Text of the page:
The Logo of The Episcopal Diocese of Atlanta - Purple Crest with Bishop's Mitre

Pathways Profiles: Karol Kimmell

May 15, 2024

How are children seen, heard and represented at your Episcopal church? Karol Kimmell, All Saints’ Atlanta’s Director of Children and Youth Choirs for 26 years, believes that children belong in every facet of worship and community. Including children in the joy of continually praising God with words and actions is so embedded in her that she broke into song:

This, this is where children belong,
welcomed as part of the worshiping throng.
Water, God’s Word, bread and cup, prayer, and song:
This is where children belong.

Music’s powerful current energizes children and the entire All Saints’ congregation. “Our young singers learn songs, how to lead liturgy and prayers, and then do it with everyone—not just other children. That’s powerful and memorable,” Kimmell said. “Children and youth choirs are a great way for us to learn worship practices, music, artistic expression and the language of songs and poetry of the Christian faith – all the while providing fellowship and fostering spiritual growth. You can’t get that combination anywhere other than a church choir.”

In 1998, Kimmell’s own children were in third and sixth grades when All Saints’ hired her to start a youth choir for middle and high schoolers. That same year, Titanic won the Best Picture Oscar and Google was founded, and at All Saints’, Kimmell would become a classic fixture, as well.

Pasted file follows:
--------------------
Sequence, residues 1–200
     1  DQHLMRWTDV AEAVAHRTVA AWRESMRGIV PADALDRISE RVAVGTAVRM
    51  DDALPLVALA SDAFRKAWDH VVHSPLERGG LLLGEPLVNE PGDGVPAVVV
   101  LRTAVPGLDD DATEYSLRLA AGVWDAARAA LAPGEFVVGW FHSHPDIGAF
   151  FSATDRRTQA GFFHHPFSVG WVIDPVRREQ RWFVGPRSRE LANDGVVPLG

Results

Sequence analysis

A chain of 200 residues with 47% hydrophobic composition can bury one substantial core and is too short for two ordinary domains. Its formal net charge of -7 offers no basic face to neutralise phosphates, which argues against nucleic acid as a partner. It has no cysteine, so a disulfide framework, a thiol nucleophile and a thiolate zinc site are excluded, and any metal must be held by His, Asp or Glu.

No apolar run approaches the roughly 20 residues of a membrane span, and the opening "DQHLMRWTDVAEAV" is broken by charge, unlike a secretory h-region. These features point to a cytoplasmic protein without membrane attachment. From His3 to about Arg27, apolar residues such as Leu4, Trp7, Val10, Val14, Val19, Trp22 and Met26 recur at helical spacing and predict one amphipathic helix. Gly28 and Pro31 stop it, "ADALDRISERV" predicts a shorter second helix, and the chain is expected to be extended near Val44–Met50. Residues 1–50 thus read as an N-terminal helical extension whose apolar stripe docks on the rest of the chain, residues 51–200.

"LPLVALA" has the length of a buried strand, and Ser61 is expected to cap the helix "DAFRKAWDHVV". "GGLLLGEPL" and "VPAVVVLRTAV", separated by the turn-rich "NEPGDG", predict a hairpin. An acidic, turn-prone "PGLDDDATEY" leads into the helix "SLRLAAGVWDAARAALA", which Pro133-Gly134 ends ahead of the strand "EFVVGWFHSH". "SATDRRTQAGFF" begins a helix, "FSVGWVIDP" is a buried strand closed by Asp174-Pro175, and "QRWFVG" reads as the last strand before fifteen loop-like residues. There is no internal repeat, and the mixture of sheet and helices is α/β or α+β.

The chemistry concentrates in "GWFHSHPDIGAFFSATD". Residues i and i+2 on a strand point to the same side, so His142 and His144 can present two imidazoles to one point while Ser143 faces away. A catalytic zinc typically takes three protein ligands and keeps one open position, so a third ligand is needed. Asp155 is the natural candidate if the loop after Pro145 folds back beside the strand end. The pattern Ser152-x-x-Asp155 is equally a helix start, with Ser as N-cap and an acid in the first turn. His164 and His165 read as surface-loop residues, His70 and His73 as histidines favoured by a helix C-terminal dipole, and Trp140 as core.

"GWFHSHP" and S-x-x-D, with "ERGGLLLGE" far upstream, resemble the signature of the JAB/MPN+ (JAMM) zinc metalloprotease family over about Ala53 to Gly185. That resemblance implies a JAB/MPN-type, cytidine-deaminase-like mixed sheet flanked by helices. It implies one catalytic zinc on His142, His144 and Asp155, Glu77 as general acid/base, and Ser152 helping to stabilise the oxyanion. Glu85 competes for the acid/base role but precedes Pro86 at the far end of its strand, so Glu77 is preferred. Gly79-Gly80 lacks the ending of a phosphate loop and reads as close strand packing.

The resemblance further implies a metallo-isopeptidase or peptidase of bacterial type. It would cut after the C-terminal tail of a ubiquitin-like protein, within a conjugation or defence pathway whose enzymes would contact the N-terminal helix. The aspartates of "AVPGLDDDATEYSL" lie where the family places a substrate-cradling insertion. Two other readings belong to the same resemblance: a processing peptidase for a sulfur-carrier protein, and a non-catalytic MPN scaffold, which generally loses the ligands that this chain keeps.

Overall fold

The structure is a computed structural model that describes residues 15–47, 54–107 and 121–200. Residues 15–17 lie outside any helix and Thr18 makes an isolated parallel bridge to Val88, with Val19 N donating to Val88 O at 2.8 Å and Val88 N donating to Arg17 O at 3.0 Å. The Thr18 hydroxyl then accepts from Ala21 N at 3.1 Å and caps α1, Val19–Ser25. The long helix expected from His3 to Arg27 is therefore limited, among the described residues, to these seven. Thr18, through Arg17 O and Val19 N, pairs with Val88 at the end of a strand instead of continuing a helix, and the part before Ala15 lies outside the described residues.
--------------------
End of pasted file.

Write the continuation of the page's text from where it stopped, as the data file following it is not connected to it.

As much as musical achievement, Kimmell loves nurturing children’s grasp of a hymn or anthem’s lyric storytelling. “The ‘aha moments’ tend to happen in rehearsals when we’re picking apart this melody or that rhythm or explaining the text, and they ask, ‘What’s that word in the hymn? What is that Bible story behind it?’” Another strength of the program comes from Kimmell’s assurance to prospective parents: “Your child’s going to learn how to pay attention and focus as they follow a director, and as a team, they’ll learn how to work together to express themselves.”

Every chorister now has been born during her tenure. During the pandemic, each choir met weekly online. The strong commitment by singers and families before and since that time have kept participation strong. “We have a strong core of dedicated families, nurtured by the formation and music team. Younger siblings join choir and many sing through 12th grade, returning to sing on Christmas Eve as alumni.

Kimmell still looks forward every August to the startup of choirs, to see how the children and youth have grown and changed, and she’s always eager to start on that year’s music and events: “I love working with children and youth through music!”

Read Pathways 2024